At the clinic, I was also exposed to the roles of nurses and physicians and was able to distinguish similarities and dissimilarities between the professions. As a PA, I am able to diagnose and provide treatment to a patient, while also having the availability of a physician to consult with if uncertainties arise. I highly value the relationship between physicians and PAs as they are both integral parts of a system that works in unison to provide quality medical care. During my undergraduate education, I was a part of a research team in the biochemistry lab of the exercise science graduate department. Just as I would have the freedom to conduct my own experiment and consult my research professor for methods and ideas, a PA can consult a physician for treatment plans and opinions. I would also have the flexibility to achieve personal and professional goals, such as establishing a family without limiting my health care providing abilities. Also, my background in pre-professional science courses acts as a stepping stone to a wider scope of practice as compared to nursing.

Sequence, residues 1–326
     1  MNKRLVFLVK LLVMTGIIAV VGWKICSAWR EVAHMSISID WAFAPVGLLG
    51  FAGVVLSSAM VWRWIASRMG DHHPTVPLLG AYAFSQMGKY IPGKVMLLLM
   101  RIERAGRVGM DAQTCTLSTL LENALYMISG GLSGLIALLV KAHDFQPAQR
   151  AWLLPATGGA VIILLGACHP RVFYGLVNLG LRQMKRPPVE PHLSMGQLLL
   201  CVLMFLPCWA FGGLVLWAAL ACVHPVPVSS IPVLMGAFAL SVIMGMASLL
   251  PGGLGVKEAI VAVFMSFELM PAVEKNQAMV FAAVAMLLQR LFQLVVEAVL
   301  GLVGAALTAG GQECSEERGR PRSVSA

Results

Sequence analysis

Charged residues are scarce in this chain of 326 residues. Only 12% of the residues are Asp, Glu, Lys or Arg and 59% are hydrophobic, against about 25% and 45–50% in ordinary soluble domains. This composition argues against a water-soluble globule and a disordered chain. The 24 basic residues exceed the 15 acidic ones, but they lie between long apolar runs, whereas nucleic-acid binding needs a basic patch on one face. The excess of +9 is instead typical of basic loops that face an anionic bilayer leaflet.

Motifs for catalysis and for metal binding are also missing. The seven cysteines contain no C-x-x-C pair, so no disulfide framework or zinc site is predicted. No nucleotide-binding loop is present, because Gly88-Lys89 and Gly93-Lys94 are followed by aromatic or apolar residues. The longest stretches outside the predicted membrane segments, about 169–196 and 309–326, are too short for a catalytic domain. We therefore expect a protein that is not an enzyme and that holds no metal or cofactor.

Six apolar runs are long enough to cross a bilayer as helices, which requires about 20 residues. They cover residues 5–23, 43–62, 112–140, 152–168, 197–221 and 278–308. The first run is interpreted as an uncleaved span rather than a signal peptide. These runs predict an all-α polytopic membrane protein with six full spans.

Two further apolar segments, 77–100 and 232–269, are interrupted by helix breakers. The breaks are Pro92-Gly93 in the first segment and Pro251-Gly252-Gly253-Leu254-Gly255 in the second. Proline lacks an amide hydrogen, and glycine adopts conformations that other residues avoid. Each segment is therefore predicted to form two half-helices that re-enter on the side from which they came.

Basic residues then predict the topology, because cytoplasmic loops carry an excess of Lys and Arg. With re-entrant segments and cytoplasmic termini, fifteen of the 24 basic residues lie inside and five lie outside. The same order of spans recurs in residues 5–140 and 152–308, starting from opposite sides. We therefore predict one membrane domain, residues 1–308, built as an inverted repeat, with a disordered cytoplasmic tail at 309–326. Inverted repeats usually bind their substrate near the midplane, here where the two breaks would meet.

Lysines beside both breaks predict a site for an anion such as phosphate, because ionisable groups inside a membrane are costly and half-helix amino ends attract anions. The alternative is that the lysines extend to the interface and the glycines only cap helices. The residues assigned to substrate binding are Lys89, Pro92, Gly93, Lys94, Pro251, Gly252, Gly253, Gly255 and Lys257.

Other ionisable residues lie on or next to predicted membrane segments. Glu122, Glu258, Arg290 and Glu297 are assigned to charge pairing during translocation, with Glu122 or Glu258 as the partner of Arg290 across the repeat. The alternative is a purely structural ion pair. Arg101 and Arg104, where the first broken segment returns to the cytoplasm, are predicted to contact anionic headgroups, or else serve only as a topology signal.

Throughout my shadowing experience, I noticed that I possessed certain qualities that are exemplified within the PA profession and this resulted in strengthening my desire to pursue the profession. Through my involvement in the undergraduate research team and as a DSP who is part of a health care team, I have learned to become an effective communicator by relaying my thoughts and sharing opinions with respect to others’ views. I work well in teams that allow me to have a voice in shared decision making, such as the daily care that is provided to my residents. I also enjoy learning about new medical treatments and managements as expressed through my research interests. I also share a passion of learning and educating others.


             As a PA I would actively play a role in implementing preventative measures and disease management by passing on my knowledge to a patient. Exceptional health care not only consists of quality treatment but also of effective communication. Having been immersed in the lives of the disabled population for ten years now, I have learned the significance of building trusting relationships, being compassionate, and effectively communicating in order to increase their quality of life. I believe that all of these qualities are imperative to providing excellent care and are the foundation for a successful career as I contribute to the medical community by one day fulfilling the responsibilities of a physician assistant.